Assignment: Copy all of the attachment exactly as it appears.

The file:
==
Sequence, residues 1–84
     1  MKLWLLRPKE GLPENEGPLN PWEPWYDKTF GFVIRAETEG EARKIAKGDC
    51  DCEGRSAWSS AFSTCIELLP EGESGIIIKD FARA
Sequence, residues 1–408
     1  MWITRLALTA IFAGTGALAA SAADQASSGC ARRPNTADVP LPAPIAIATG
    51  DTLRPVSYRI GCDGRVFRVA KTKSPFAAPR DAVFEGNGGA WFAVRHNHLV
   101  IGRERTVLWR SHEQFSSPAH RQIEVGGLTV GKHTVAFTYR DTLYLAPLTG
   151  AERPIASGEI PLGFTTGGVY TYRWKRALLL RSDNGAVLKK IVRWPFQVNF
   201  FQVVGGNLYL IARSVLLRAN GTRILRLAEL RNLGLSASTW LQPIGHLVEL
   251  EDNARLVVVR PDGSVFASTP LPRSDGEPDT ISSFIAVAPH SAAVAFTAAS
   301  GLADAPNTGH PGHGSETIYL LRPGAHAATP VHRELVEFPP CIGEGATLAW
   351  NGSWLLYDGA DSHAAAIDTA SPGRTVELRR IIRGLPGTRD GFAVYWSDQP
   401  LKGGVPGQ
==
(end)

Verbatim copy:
Sequence, residues 1–84
     1  MKLWLLRPKE GLPENEGPLN PWEPWYDKTF GFVIRAETEG EARKIAKGDC
    51  DCEGRSAWSS AFSTCIELLP EGESGIIIKD FARA
Sequence, residues 1–408
     1  MWITRLALTA IFAGTGALAA SAADQASSGC ARRPNTADVP LPAPIAIATG
    51  DTLRPVSYRI GCDGRVFRVA KTKSPFAAPR DAVFEGNGGA WFAVRHNHLV
   101  IGRERTVLWR SHEQFSSPAH RQIEVGGLTV GKHTVAFTYR DTLYLAPLTG
   151  AERPIASGEI PLGFTTGGVY TYRWKRALLL RSDNGAVLKK IVRWPFQVNF
   201  FQVVGGNLYL IARSVLLRAN GTRILRLAEL RNLGLSASTW LQPIGHLVEL
   251  EDNARLVVVR PDGSVFASTP LPRSDGEPDT ISSFIAVAPH SAAVAFTAAS
   301  GLADAPNTGH PGHGSETIYL LRPGAHAATP VHRELVEFPP CIGEGATLAW
   351  NGSWLLYDGA DSHAAAIDTA SPGRTVELRR IIRGLPGTRD GFAVYWSDQP
   401  LKGGVPGQ